When Eden Carlson was just 2 years old, she wandered past a baby gate and a heavy door before falling into the family's outdoor swimming pool in February 2016, according to Newsweek. The water temperature at her Fayetteville, Arkansas home was just 41 degrees Fahrenheit and the toddler was submerged for at least 15 minutes before she was discovered by her mother. Despite Eden's mother Kristal performing CPR until an ambulance arrived, Eden experienced cardiac arrest and a prolonged lack of oxygen, leaving the 2-year-old with severe brain damage. Almost six months after the accident, Carlson's brain damage was completely reversed — and this therapy could offer hope for toddlers with brain damage following similar near-drowning accidents, according to The New York Daily News.
Dr. Paul Harch, clinical professor and Director of Hyperbaric Medicine at LSU Health New Orleans School of Medicine, worked with Carlson and her family after she was resuscitated at Arkansas Children's Hospital but was completely unresponsive to stimuli and left unable to talk or walk, according to a statement from LSU. Using hyperbaric oxygen therapy, Carlson regained full ability to both walk and talk and her brain damage was fully reversed less than six months following her near-drowning. Harch and his team are hopeful that similar oxygen therapy could reverse brain damage in toddlers who experienced severe oxygen deprivation as Carlson did.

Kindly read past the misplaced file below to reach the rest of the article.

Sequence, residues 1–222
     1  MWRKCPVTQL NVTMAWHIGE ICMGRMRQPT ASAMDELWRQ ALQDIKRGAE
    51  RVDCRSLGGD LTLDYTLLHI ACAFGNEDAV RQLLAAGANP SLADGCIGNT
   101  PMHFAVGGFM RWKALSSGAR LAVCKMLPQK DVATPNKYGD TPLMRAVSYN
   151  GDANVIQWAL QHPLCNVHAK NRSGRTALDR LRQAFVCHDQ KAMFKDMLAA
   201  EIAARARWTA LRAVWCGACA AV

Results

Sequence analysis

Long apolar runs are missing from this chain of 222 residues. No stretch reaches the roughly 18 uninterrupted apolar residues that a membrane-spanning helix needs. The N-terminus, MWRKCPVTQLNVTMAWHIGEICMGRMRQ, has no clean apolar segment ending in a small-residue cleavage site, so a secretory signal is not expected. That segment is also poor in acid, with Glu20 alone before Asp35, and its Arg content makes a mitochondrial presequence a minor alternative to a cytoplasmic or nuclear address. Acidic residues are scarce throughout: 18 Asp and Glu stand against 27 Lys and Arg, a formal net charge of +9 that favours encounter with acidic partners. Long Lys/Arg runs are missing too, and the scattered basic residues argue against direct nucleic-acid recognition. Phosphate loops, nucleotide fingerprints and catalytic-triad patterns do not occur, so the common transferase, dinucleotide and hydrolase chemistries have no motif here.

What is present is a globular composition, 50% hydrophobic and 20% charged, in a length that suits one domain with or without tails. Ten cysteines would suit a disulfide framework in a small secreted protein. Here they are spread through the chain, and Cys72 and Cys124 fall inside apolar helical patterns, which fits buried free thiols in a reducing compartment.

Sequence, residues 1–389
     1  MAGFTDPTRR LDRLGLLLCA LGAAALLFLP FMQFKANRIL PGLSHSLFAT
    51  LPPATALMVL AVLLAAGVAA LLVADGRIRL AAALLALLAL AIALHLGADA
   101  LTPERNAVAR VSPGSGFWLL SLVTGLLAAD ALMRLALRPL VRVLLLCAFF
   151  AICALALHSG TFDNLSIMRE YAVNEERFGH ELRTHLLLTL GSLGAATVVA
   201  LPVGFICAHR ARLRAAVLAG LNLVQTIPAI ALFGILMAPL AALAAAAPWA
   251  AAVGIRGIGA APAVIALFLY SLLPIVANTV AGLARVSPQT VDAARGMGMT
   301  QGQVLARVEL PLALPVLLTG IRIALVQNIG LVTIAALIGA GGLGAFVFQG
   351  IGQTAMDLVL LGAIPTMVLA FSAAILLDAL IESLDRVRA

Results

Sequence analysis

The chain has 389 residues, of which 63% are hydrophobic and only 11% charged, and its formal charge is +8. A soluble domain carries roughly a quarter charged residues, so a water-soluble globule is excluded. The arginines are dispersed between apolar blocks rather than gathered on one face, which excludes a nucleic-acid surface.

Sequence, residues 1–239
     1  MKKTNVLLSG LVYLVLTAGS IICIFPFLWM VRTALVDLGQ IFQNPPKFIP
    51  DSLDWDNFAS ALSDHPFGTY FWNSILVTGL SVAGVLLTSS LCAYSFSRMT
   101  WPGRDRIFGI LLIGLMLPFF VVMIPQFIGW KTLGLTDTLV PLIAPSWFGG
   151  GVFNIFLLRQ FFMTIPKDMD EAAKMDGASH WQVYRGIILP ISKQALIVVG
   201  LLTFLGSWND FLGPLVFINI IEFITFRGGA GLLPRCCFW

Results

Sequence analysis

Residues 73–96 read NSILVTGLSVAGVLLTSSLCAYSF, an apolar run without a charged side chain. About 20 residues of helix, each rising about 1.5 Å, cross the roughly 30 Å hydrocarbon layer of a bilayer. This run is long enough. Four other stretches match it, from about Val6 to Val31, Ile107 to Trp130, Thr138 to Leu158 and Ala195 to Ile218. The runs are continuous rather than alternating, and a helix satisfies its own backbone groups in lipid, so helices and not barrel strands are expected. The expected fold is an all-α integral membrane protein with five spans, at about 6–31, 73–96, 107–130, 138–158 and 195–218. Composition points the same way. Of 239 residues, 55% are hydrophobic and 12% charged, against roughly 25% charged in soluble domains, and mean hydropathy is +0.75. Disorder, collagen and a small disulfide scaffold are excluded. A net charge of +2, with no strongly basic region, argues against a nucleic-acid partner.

After Carlson was resuscitated, she spent 35 days in critical care at Arkansas Children's Hospital before being discharged home, where she still remained unresponsive to all stimuli, with severe squirming and head shaking. It was at that point Carlson's family consulted Harch to try and help repair the damage to her brain using oxygen therapy, according to a case study published in Medical Gas Research. Carlson underwent 23 days of normobaric (sea-level) oxygen therapy for 45 minutes twice a day. Her recovery just during those first three weeks was astonishing. From the case study:
Neurological improvement rate increased over the ensuing 23 days with laughing, increased movement of arms, hands, grasp with the left hand, partial oral feeding, eye tracking, and short sentence speech (pre-drowning speech level, but with diminished vocabulary).
Carlson was then transferred to New Orleans, Louisiana to commence hyperbaric oxygen therapy, as this was the closest hyperbaric chamber to the recovering toddler. Typically associated with decompression sickness in scuba divers, hyperbaric oxygen therapy involves the inhalation of 100 percent pure oxygen in a pressurized environment, according to the Mayo Clinic. Carlson underwent hyperbaric oxygen therapy for 45 minutes at a time, once every day. After 10 sessions, Carlson's mother reported that her daughter was "near normal, except for gross motor function," the case study noted.
After the completion of 40 sessions of hyperbaric oxygen therapy and 162 days after Carlson nearly drowned, an MRI revealed she had a near-complete reversal of brain matter atrophy and only mild residual injury, the first such result of its kind using this kind of therapy. Harch remarked in a statement, "The startling regrowth of tissue in this case occurred because we were able to intervene early in a growing child, before long-term tissue degeneration."
Carlson is one incredibly lucky child, and while her case is the only one of its kind, the implications for helping other children with brain damage from near drowning is certainly promising.